I've had gynecomastia for 2 and a half years and was wondering if my nipples are severe or not? (Photo)

Doctor Answers 18

Treating Puffy Nipples

"Puffy Nipple Areola Complex" is among the most common forms of gynecomastia. This gland and/or adipose tissue accumulation can be located under the areola or can be slightly extended outside the areola, causing the areola to appear dome shaped.This form of #Gynecomastia can be found in all age groups but is more common in young adults.
As each case is different, it is vital that you consult with a board certified plastic surgeon who is experienced in male breast surgery. The surgeon should determine if you are a suitable candidate for male breast reduction by liposuction or glandular excision. It is also crucial to have a plastic surgeon who is well-versed in the gynecomastia condition can determine if there is firm breast tissue beneath the areola that is causing the nipples to project (which is often the case), and if so, how much of this glandular tissue can be removed to create a flat appearance.
#PuffyNipple surgery generally takes only an hour or two, and the recovery time is short; sometimes less than a week. There is minimal scarring and the success rate is excellent. Therefore, patients who suffer from "Puffy Nipples", and who view it as an unaesthetic and unpleasant condition, may desire surgical intervention to correct the "puffy nipple" condition.
Men who suffer from large #areolas may notice that after breast surgery, the skin of the chest muscles will tighten, causing the areolas to tighten and diminish in size. This is a result of the removal of glandular and/or adipose tissue.

Orange County Plastic Surgeon
5.0 out of 5 stars 107 reviews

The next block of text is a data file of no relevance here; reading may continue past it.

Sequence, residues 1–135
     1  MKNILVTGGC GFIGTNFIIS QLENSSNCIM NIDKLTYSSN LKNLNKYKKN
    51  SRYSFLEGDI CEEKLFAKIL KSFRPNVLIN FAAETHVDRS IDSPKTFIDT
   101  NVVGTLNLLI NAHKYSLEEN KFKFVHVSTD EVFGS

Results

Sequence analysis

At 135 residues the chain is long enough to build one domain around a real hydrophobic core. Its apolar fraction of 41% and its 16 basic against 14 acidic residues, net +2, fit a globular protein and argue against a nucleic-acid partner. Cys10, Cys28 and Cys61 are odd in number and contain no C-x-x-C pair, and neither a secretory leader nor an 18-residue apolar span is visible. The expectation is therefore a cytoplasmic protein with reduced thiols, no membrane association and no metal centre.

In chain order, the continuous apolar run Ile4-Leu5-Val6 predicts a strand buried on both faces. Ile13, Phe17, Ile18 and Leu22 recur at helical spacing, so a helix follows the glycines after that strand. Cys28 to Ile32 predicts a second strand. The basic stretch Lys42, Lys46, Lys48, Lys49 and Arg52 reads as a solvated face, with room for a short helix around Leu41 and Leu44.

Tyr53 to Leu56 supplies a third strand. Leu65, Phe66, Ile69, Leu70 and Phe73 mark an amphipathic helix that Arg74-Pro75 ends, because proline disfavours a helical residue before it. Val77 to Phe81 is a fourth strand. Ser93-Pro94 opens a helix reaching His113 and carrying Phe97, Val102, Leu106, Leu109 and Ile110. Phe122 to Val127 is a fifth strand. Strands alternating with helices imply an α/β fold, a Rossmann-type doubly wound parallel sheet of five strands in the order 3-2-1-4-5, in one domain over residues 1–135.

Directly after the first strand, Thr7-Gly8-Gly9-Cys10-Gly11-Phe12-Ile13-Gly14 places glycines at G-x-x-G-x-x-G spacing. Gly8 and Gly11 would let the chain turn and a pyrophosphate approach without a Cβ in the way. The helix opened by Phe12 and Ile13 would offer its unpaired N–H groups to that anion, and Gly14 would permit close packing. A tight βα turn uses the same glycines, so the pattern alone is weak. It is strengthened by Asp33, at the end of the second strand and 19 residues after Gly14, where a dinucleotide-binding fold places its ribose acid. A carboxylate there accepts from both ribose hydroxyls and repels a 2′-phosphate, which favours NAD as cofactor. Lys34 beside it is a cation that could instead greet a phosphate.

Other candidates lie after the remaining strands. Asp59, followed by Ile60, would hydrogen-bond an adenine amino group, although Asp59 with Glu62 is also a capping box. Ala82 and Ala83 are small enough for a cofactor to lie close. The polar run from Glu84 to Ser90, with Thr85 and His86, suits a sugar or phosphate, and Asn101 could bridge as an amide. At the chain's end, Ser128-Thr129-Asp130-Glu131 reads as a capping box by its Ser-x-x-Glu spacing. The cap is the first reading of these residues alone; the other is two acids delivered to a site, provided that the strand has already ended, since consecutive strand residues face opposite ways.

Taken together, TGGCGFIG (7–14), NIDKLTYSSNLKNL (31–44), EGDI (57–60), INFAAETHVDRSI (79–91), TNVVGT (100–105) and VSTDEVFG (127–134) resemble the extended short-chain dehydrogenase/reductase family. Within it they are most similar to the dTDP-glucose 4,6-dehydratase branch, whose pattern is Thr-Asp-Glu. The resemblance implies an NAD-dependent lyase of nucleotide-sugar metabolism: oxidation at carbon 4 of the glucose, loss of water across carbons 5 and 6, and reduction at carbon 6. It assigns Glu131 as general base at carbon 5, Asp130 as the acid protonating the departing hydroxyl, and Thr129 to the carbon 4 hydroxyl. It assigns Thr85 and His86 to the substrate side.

It appears you have a relatively mild case.  Your experience with pectoral workout and development is not rare, as it will only camouflage, not really correct the condition.  You really need to see a certified plastic surgeon, but it appears you would probably see improvement with a gynecomastia reduction procedure.  It will probably involve both glandular resection and some liposuction.

Jeffrey D. Wagner, MD
Indianapolis Plastic Surgeon
4.9 out of 5 stars 26 reviews


Thank you for the photos and from them without an examination you do appear to have gynecomastia that can be corrected surgically.  So see some experts in your area

Dr. Corbin

Frederic H. Corbin, MD
Los Angeles Plastic Surgeon
4.9 out of 5 stars 61 reviews

Gynecomastia for years

From your photographs, it seems you would be a good candidate for gynecomastia operation. My main concern would be that this is such a recent phenomenon, and may not be stable. In this case, depending on how it affects you, you could have your gynecomastia corrected at this point with some possible expectation that you may need repeat surgery in the future.

Ira H. Rex lll, MD
Fall River Plastic Surgeon
4.6 out of 5 stars 46 reviews

Ideal candidate for gynecomastia

You are an ideal candidate for gynecomastia. Your degree of prominence and nipples are moderate in severity. Please see examples below to see what your potential improvement can be.